When I take a week off, go to the countryside and go "offline" - I sleep like a baby.

    Hard to earn a living offline these days though - so catch 22

  • rate this

    Comment number 21.



    //.Researchers at the University of California, San Diego, said the poor sleepers struggled to focus part of their brain in memory tests..//

    - A.R.Shams's Reflection

  • rate this

    Comment number 20.

    It's all the worrying news on BBC that keeps me awake at night,what with some freshwater mussels in danger of dying out and Mexico sending it's finest Tequila to China, oh what to do what to do?
    How can the BBC editors sleep at night after bombarding us with such horrific news is beyond me .
    I'm off to see my Doctor for help to calm my nerves !!!

  • rate this

    Comment number 19.

    This is true in other mental disorders eg autism - the brain fails to turn of a task so it keeps working on it, going around and around or others they think they're just going on and on about something.

  • rate this

    Comment number 18.

    Clearly the researcher has never had insomnia. Has he now written a paper on this?
    Insomnia causes poor memory - well who could ever have guessed?

  • rate this

    Comment number 17.

    As Paul says it is obvious what is happeneing in the brain. I have very disturbed sleep because day and night I have two thought processes running, non-stop.

    It is not science to prove this!! However, as the saying goes, go to bed with a problem and wake up with the solution.

  • rate this

    Comment number 16.

    "....I used to worry, thought I was going mad in a hurry. Gettin' stressed makin' excess mess in darkness. No electricity something's all over me, greasy insomnia please release me...."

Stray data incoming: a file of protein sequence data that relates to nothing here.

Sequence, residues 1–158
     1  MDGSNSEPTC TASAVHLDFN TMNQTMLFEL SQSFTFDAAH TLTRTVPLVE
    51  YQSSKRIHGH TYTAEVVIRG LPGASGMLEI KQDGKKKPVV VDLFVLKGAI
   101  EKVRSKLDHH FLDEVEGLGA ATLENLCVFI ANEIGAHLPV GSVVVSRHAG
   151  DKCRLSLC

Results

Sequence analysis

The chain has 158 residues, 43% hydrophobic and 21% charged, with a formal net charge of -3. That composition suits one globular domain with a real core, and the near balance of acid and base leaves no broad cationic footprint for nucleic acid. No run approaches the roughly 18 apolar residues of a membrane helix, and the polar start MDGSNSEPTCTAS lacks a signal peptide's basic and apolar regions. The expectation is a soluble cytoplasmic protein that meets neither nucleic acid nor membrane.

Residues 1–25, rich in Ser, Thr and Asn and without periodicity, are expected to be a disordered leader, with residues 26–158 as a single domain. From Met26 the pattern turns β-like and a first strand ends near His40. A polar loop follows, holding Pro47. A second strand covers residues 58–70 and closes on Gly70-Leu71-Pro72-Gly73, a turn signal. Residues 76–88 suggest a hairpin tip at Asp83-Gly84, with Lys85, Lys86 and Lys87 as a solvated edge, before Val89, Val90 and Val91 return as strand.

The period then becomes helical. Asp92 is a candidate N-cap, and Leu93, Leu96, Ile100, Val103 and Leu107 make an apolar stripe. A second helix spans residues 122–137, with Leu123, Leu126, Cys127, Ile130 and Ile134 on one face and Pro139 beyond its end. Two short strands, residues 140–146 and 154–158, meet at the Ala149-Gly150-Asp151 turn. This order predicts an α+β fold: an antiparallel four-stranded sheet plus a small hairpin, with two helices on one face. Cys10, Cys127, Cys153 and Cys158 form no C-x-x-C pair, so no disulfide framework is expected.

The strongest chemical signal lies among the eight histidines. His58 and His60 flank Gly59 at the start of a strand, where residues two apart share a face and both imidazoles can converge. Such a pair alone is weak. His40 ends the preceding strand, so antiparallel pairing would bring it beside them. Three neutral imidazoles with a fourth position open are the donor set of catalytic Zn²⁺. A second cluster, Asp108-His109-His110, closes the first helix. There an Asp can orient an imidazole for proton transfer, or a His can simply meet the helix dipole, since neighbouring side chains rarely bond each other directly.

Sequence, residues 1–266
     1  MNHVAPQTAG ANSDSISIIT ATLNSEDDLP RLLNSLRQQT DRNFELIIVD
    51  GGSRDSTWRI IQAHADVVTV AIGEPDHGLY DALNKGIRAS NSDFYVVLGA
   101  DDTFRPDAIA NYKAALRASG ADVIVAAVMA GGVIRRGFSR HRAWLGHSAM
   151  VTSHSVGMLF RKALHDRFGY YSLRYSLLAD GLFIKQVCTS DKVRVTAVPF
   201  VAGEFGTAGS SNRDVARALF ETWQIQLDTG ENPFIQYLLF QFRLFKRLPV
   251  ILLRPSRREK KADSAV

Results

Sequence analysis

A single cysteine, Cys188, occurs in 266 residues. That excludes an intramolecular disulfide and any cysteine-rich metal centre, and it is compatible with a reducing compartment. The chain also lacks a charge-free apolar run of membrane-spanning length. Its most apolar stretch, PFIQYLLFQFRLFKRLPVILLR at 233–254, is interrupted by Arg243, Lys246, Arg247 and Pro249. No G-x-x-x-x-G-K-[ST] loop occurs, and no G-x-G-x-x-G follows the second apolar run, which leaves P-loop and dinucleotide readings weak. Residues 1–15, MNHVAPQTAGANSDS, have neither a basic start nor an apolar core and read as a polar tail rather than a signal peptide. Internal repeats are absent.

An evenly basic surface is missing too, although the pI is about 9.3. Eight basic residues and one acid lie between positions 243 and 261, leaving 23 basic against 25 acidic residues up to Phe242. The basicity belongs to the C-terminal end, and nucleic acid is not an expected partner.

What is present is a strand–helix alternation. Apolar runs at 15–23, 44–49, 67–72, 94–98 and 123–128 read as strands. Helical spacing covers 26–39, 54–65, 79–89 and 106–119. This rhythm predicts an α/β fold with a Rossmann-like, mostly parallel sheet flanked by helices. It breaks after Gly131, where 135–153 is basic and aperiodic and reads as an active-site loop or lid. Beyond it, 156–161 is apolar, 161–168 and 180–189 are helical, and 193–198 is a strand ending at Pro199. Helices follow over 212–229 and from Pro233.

Sorry this is the kind of response the article deserves.

  • rate this

    Comment number 15.

    The report appears to state that most people who can't sleep get tired (!) Everybody knows this. Why is this news ? If these scientists haven't discovered something useful, why are they making a report about it and why is the BBC including it in News ? Is this the silly-season ?

  • rate this

    Comment number 14.

    News just in :

    Bears defecate in woods.

    It's Saturday on HYS.

    Be prepared to expect the expected.

  • rate this

    Comment number 13.

    That explains it.......Milliband has insomnia

  • rate this

    Comment number 12.

    This article amounts to the fact that researchers have seen a difference in a brain scan between someone with insomnia and someone without. Without stating the bleedin obvious wasn't this likely from the off...if not a certainty? It's almost as ridiculous as the research that was carried out that concluded people could concentrate better in rural areas compared to urban areas.

  • rate this

    Comment number 11.

    What a fascinating story! I learned so much from this. :-/

    I considered the BBC to be one of the world's premier sources of news and educational articles, but it's become increasingly superficial. Journalists pushing their own opinion and failing to ask the critical questions, educational articles aimed at the lowest common denominator. As if BBC News is being produced by the EastEnders team.

  • rate this

    Comment number 10.

    Even the Journal this non story is published in is called "Sleep"

    Perhaps the cure for insomnia would be reading it...

  • rate this

    Comment number 9.

    I love it that I now have a (good) reason for my terrible memory! Keep smiling


Page 8 of 9


More Health stories



BBC © 2014 The BBC is not responsible for the content of external sites. Read more.

This page is best viewed in an up-to-date web browser with style sheets (CSS) enabled. While you will be able to view the content of this page in your current browser, you will not be able to get the full visual experience. Please consider upgrading your browser software or enabling style sheets (CSS) if you are able to do so.